If you feel you need more accurate results, I suggest the following:

Say you find that $\ell(x_i) < \ell_k$ and $\ell(x_{i+1}) > \ell_k$. My first advice is to assume that $\ell(x_i)$ is exact, because if it isn't, everything afterwards including $L$ will be wrong as well. So doubting $\ell(x_i)$ at this particular point isn't a very good model - if you doubt $\ell(x_i)$, rerun with a smaller $x_{i+1} - x_{i}$. So $\ell(x_i)$ and $\ell(x_{i+1})$ are accurate, but you need values in between.

  • You can rerun the particular interval $f(x_i)$ to $f(x_{i+1})$ at a finer scale. Do note that by this, you would be taking $L$ and $x(\ell_k)$ from two different approaches, hence, the values are not really comparable, and the arc length at the finer scale might differ significantly from $\ell(x_i) - \ell(x_{i+1})$. However you would not likely not notice in practice.
  • Alternatively you could try to obtain the intermediate values directly from the Simpson approximation from which you took all other values. This would mean that all values are consistent, but the inversion of the Simpson parabola doesn't seem straightforward. So you could do it numerically, as proposed above, but instead of refining $f$, you could refine the approximated parabola.

All in all you might want to consider using the trapezoid scheme instead of Simpson (first degree Newton-Cotes) because it is easier to interpolate (the intermediate $x_k$ would (consistently with all other numbers!) lie between $x_i$ and $x_{i+1}$ as $\ell_k$ does between $\ell(x_i)$ and $\ell(x_{i+1})$.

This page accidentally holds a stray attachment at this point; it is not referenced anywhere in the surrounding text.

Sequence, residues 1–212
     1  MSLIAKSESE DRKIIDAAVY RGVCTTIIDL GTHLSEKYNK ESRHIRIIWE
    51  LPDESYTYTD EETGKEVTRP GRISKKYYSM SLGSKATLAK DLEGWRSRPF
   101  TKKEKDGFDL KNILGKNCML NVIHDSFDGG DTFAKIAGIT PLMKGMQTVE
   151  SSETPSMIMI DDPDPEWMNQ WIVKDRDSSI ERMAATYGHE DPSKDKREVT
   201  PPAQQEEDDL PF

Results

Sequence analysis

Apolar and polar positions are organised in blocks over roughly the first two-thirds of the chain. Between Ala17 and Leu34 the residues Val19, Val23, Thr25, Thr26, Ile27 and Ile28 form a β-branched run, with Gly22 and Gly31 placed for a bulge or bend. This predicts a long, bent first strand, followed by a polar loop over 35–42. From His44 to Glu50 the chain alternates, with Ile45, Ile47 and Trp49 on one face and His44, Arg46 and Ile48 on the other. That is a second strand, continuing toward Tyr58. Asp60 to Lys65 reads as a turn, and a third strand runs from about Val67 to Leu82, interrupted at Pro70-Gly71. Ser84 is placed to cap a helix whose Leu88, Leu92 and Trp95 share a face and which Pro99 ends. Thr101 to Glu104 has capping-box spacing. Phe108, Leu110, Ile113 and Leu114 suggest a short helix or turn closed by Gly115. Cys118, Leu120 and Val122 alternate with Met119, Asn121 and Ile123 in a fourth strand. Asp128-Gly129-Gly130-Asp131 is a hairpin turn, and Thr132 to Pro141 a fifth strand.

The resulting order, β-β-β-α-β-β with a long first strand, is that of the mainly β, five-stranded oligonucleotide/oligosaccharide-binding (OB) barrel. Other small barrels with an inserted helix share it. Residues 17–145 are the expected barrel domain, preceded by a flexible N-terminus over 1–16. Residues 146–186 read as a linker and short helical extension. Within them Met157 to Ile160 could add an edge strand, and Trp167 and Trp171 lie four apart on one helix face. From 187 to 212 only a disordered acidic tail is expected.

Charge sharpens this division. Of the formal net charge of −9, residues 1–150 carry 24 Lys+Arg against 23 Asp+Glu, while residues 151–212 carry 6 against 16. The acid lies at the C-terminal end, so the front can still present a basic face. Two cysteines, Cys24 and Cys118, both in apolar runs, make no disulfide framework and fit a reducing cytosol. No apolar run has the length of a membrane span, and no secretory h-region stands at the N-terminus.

All in all, pending contrary opinions, I believe that this approach is as computationally expensive as solving a whole new ODE, and numerically stable in the sense that it maintains the accuracy you've achieved with computing $L$, and gives you $x$ values that are consistent with $L$.


Note that everything you compute are only approximations: you mentioned that you compute the arc length $L$ via Simpson's rule; similarly you solve the ODE via a numerical method. So the question is not so much about numerical errors, rather about mutual consistency of your numerical methods.

If your function $f$ is piecewise linear (or you replace your function by a piecewise linear approximation), you can derive explicit formulas for the arc length function on each linear interval and hence also explicit formulas for the $x_k$.

I do not believe this will be possible for higher order approximations for $f$, e.g. $B$-splines or arbitrary functions.

  • $\begingroup$ Thanks for the comment. I am aware that I am using 2 different approximations. As such, I was trying to find a way to limit the inconsistency. Unfortunately, my function cannot be easily approximated by a piecewise linear approximation. $\endgroup$ – Tomas Jorovic Mar 15 '17 at 23:03
  • $\begingroup$ In that case, write down the formula that you use to compute the arclength $L(x)$ of $f$ on the interval $[a,x]$ and then use some numerical method to solve the equation $L(x)=\ell_k$. That should give you consistency. $\endgroup$ – Martins Bruveris Mar 15 '17 at 23:06